Our great city
Manchester gave the world the industrial revolution, computers, vegetarianism, libraries, the inception of the labour movement and women’s rights. This fine city produced the Halle, Morrissey, Tony Wilson, the Royle Family, Rolls Royce, Manchester Harriers and Ricky Hatton as well as at least one world class football team.
The Greater Manchester Marathon was voted best marathon by Runner’s World last year as well as most improved race. So the very last thing we expected from Manchester this year was a complacently conceived shambles.
The chaos begins
We arrived early on the tram, Chris, Lloyd, Glen, Graham, Jason, Emma and me. We were to be joined by Jackie, Sarah, Wendy and Dennis. We had trained for weeks under Jason’s patient instruction. Plodding the dark, wet streets of Manchester and pounding the dimly lit track at Wythenshawe, narrowly avoiding stray Winston Runners running the wrong way.
We arrived to the busy race village throng at the cricket ground, strong as gods, and we quickly set out to find somewhere for a poo. We were confidently directed to “a load of portaloos”, but they had not been ordered. Instead we were left to huge queues for the few toilets available as the chaos enfolded.
After a long wait for the toilet and with the start time impending I entered a scrum for the small singularity through which 1,000s of bags should pass. In panic I chucked my bag gratefully towards Glen further into the scrum and legged it to the start line. I didn’t know where anyone else was. I saw Chris briefly stood on a wall with a glint in his eye and Jason as he strode with confidence to his rightful place near the front with Lloyd.
On to the race
The race began with some poor souls still left on a loo, some still trying to put their damn bags in and some left stranded somewhere in Trafford not having managed to park. But it was exciting now, the sun was out and the carriageway stretched into the distance holding our dreams of glory and PBs.
I set off with the 3:15 pacer and got into a rhythm with that group. The good people of Manchester lined the streets for us and we all started to smile. There was music from bands and large choirs of ladies draped in black. There were children with jelly babies, proud club mates old and new, boys and girls screaming our names and old men voicing their approval. Everyone had turned out for us.
The course was not well organised. It wasn’t clear when a drinks station was coming up and runners swerved dangerously across the road at the last minute. Some points were far too narrow for the number of runners. The mile markers were way off, with mile 19 proudly indicating what was in fact 19 and a half. But yet people got together, drinks were passed round, obstacles highlighted and care was taken not to impede others. At the London Marathon I saw people turn on each other at times, but there was none of this in Manchester, as everyone worked together.
Things start to get hard
People often say after a marathon that they were going really well till the last few miles. Duh! That’s the point.
Jason and Lloyd had set off at a stiff sub 3 pace and were beginning to see that their gamble had not paid off. Mile by mile these two fine athletes were reduced to shuffling like old men. First Jason shuffled past Lloyd, then Lloyd past Jason in their battle for the top. It had all the drama of the 100m sprint for the over 90s. But through grit and experience Jason got the best of this dramatic “shuffle off” (3:14 for a “good for age” for London) and Lloyd (3:15, just short of a GFA) drifted behind. Jason described it has as his hardest race ever. Again.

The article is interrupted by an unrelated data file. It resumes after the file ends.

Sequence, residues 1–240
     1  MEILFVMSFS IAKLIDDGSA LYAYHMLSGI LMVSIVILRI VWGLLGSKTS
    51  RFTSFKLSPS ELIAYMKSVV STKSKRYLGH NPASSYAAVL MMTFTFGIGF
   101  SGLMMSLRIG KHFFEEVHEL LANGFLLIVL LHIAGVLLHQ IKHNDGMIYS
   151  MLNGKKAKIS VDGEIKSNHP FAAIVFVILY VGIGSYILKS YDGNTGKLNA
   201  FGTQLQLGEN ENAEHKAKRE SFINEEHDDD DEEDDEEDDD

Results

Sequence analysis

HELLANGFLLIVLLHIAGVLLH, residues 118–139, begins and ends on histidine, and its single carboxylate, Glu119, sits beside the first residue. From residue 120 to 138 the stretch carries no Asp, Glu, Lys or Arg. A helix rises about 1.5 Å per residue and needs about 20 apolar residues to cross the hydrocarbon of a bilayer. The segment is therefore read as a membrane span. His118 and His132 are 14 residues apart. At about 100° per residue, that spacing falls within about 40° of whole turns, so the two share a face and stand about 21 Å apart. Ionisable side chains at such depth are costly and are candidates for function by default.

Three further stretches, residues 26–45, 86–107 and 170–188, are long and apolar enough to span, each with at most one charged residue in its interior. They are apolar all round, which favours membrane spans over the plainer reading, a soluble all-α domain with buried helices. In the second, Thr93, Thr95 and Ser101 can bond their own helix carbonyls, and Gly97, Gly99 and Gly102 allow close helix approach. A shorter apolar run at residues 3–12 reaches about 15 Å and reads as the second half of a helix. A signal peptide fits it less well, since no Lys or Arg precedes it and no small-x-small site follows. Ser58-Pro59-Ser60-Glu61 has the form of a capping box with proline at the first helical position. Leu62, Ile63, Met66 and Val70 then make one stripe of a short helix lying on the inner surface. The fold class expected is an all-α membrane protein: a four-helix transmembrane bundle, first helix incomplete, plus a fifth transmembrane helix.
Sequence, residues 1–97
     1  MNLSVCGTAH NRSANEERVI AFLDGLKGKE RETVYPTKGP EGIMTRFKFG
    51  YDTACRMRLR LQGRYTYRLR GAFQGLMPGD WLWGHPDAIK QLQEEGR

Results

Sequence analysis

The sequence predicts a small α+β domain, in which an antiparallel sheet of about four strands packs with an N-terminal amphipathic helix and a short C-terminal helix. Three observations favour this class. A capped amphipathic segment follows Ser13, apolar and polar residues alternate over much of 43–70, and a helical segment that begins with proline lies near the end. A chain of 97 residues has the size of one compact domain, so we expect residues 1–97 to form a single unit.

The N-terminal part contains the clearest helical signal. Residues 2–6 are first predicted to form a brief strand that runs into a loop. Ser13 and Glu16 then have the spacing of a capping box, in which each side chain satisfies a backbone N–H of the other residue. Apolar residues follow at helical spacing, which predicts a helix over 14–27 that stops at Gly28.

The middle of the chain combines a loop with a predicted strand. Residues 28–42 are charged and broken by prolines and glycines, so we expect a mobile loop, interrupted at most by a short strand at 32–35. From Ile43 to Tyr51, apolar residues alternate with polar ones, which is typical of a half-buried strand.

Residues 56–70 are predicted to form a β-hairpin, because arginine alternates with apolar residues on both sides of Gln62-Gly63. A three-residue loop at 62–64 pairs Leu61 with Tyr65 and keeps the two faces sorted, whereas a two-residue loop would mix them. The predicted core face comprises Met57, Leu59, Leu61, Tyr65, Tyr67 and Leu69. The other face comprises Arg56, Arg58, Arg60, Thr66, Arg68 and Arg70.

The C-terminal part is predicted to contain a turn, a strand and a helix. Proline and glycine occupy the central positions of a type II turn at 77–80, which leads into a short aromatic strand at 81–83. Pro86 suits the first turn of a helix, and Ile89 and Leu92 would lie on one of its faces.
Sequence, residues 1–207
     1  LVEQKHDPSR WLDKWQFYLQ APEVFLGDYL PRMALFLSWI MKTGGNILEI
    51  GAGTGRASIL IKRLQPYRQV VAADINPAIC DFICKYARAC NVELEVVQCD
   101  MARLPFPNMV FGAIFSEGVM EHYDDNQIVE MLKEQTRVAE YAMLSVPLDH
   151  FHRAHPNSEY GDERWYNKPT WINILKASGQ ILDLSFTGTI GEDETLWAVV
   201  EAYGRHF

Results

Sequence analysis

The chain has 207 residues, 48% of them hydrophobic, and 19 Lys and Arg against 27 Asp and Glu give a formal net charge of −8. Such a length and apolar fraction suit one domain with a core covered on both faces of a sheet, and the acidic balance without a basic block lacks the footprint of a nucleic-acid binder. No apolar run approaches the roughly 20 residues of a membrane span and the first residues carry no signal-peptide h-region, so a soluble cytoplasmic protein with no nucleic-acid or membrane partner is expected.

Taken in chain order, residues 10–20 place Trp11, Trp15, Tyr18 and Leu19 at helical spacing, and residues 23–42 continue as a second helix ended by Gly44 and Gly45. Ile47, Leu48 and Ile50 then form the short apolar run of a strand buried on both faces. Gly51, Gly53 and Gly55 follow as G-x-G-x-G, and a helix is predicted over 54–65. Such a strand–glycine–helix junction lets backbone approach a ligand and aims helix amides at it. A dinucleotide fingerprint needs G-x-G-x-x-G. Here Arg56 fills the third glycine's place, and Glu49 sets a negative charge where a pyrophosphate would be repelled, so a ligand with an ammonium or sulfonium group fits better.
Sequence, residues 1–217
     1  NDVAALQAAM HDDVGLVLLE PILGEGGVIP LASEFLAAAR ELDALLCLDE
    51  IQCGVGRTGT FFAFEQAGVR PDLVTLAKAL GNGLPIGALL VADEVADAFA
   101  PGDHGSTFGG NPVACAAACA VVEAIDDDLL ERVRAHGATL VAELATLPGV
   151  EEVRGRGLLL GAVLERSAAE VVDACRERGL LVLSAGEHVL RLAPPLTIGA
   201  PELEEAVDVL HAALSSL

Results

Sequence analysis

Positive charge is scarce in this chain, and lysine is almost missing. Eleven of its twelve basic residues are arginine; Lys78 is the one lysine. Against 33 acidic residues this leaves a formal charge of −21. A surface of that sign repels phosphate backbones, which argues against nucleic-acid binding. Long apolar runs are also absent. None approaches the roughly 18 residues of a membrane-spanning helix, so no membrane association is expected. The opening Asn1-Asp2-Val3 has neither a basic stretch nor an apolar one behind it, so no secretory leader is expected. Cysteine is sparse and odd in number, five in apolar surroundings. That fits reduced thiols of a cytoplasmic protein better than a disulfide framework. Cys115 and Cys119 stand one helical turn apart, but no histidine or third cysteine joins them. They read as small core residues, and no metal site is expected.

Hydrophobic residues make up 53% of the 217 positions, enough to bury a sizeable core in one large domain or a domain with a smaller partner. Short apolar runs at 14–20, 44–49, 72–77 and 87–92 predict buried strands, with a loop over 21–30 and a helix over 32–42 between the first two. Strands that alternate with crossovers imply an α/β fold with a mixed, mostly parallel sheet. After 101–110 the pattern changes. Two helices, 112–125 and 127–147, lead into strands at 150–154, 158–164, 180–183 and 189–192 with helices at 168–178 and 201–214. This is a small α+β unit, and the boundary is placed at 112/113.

Chris and Glen ran nearly even pace for a fantastic PB (3:24) and debut time (3:40) respectively. Despite the support of the amazing Barlow ladies, I lost a few minutes at the end and was just glad to finish to be honest (3:20), promising myself a rest next year. Emma ran an outstanding 3:26 despite a late entry and not having been able to train for the last 10 weeks! Sarah ran a fantastic PB (3:44) earning her a GFA for London.
Graham (3:35) didn’t quite reach his dream of sub 3:30, explaining later that it was just too long and too hard. Jackie had a fantastic debut time of sub 4, which was so well deserved and I hope she does another. Wendy and Dennis were close to 4 hour too, a sound marathon time. All in all a good day for Manchester Harriers.
At the end
I made my way to the baggage queue at the end and was fortunate to get a place next to Jason. We discussed our race and I held his place whilst he went to be sick from time to time still recovering from his dramatic shuffle off. The queues were long and much worse would come as later runners faced unacceptable waits of hours in the cold, whilst the effects of the marathon took its toll. As Glen explained in the MEN no less “it’s not really what you need after you have run 26.2 miles”. It really isn’t.
After getting my bags I walked to the cricket ground for a sit down. I passed a runner posing for a picture with his two little kids, as his foil blanket glinted from the sun. He looked so proud and they looked so happy. As I sat on the seats of the cricket ground in the sun I overheard tales of glory and plans for future races as proud friends and family listened on.
The organisers of the 40th Manchester Marathon let us all down, but the people of Manchester did not. There was every ounce of bravery and kindness that you could hope to find at any marathon. Manchester deserves a marathon and I hope it continues in the future in better shape. Next year though I will be supporting you all, not running. And I’ll hold your bags.